Almost one quarter (24.6 percent) of South Carolina consumers primarily receive their news via social media, and only 14.1 percent said they get their news primarily from a local print newspaper, according to a statewide survey conducted for Palmetto Business Daily by Google Consumer Surveys.
A plurality of survey respondents (38.7 percent) said they primarily get their news from TV/radio.
“I think what this survey clearly shows is that consumers are still hungry for content, but they’re just getting it in a lot of different places,” said Curt Mercadante, president of Gravina Public Strategies, LLC, a Charleston-based public affairs firm.
According to the survey results, there isn't a single age group for which a plurality of consumers receive their news primarily from local newspapers. The age group most likely to subscribe to a print newspaper is 55-64, of whom 34 percent said they were most likely. 37 percent of consumers ages 18-44 said they primarily get their news from social media.
“What’s more, consumers aren’t as concerned with the ‘brand’ of their local newspaper as they are with getting content of interest to them,” he added. “Social media allows consumers to share and read content with and from people they trust."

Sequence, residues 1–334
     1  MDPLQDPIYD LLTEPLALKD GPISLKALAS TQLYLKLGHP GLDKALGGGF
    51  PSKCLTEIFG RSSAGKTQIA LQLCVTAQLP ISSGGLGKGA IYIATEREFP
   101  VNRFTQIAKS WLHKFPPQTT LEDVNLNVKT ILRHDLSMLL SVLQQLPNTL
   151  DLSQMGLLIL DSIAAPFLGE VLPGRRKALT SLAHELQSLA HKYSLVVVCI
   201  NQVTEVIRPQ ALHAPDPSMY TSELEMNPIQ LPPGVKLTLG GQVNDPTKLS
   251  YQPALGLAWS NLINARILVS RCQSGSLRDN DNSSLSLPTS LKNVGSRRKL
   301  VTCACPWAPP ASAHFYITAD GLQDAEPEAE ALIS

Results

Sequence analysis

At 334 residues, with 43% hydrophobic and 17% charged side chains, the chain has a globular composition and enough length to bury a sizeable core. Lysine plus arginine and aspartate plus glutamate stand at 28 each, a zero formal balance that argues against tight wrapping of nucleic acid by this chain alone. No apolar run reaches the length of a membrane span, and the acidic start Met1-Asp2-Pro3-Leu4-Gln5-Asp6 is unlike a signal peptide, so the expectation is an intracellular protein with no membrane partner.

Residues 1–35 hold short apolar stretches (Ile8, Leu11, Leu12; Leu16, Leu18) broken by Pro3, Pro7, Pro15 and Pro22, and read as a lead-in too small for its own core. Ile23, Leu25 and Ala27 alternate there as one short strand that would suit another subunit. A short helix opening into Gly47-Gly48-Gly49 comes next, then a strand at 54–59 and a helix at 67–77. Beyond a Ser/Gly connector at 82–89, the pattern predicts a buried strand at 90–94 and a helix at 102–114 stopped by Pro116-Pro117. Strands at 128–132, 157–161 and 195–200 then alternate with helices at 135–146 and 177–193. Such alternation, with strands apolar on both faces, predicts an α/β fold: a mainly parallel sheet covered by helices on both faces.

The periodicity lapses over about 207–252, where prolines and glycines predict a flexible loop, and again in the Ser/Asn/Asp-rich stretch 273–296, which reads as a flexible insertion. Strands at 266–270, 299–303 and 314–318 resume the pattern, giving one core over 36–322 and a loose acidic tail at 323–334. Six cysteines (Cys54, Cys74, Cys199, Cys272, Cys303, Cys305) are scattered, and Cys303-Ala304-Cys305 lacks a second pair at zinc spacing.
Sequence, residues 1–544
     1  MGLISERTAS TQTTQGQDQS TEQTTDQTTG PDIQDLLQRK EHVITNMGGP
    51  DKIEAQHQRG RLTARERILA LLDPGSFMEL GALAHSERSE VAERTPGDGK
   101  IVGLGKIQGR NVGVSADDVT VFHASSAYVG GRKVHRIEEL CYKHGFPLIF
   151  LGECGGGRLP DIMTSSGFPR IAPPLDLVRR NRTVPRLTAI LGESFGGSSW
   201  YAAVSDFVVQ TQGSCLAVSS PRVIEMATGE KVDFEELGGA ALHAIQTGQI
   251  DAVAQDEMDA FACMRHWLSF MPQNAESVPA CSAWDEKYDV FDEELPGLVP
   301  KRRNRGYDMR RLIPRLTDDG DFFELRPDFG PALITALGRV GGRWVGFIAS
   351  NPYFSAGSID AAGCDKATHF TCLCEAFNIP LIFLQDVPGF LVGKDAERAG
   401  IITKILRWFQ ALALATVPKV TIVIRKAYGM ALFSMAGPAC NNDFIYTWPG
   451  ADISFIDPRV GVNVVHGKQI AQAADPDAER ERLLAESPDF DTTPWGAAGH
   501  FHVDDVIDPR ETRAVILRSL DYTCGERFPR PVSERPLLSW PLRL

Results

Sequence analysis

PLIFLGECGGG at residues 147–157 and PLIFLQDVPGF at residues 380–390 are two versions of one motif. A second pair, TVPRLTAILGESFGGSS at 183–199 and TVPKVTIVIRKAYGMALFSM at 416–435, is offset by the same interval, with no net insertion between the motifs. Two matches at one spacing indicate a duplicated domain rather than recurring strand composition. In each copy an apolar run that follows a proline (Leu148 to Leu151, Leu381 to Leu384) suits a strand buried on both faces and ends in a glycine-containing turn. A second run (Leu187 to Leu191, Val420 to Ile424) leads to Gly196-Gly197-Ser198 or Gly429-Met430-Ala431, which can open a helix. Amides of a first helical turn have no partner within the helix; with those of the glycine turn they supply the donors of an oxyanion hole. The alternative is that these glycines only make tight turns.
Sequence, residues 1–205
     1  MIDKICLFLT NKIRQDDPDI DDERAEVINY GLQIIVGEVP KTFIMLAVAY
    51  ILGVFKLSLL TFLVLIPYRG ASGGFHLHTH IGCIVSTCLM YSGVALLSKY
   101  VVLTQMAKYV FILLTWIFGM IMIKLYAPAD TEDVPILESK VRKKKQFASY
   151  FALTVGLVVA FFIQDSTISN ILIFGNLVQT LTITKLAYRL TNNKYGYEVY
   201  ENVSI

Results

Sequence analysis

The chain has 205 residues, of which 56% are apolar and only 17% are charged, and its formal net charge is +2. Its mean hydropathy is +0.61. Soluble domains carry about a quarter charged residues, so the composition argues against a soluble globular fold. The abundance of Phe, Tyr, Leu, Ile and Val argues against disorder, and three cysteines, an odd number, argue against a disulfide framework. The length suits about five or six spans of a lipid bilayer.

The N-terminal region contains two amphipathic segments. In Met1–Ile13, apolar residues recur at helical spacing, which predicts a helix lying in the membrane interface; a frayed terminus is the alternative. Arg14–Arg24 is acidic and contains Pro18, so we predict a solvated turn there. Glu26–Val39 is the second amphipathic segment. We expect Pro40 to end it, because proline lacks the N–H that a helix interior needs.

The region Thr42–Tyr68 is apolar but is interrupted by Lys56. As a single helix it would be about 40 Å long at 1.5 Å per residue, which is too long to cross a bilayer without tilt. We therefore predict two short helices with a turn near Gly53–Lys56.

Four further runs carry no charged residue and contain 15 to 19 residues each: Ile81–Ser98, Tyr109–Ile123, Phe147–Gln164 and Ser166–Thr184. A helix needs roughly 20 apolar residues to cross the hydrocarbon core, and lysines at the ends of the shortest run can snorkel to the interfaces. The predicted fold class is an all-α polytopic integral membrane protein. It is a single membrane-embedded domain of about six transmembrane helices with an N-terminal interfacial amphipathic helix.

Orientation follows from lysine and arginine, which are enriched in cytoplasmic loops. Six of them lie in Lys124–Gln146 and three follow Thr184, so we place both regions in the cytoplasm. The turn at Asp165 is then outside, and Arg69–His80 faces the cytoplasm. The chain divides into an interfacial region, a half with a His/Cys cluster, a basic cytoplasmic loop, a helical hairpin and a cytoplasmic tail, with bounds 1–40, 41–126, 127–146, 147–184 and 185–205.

National newspapers didn’t fare much better than local, with only 7.3 percent of respondents saying they primarily get their news from a national print newspaper, and 18.3 percent saying they get it from a national newspaper Web site.
Only 21.8 percent of respondents said they subscribe to a print newspaper, while 20.8 percent said they subscribe to a newspaper’s Web site.
"What these survey results confirm is that media fragmentation has arrived and is accelerating," said Jordan Lieberman, political & public affairs lead at digital advertising firm Audience Partners, LLC.
Lieberman pointed out that even though the numbers for TV/radio appear to be strong, one should keep in mind that even television viewing is highly fragmented among network, cable news, lifestyle and entertaining channels.
"Bruce Springsteen wrote about '57 Channels and Nothing On' in 1992," added Lieberman. "These days it's more like 5,700 channels and nothing on. Broadcast is a word that our kids won't understand the same way we do."
The survey was conducted by Google Consumer Surveys among 500 South Carolina online consumers from November 3 - November 6, 2016.
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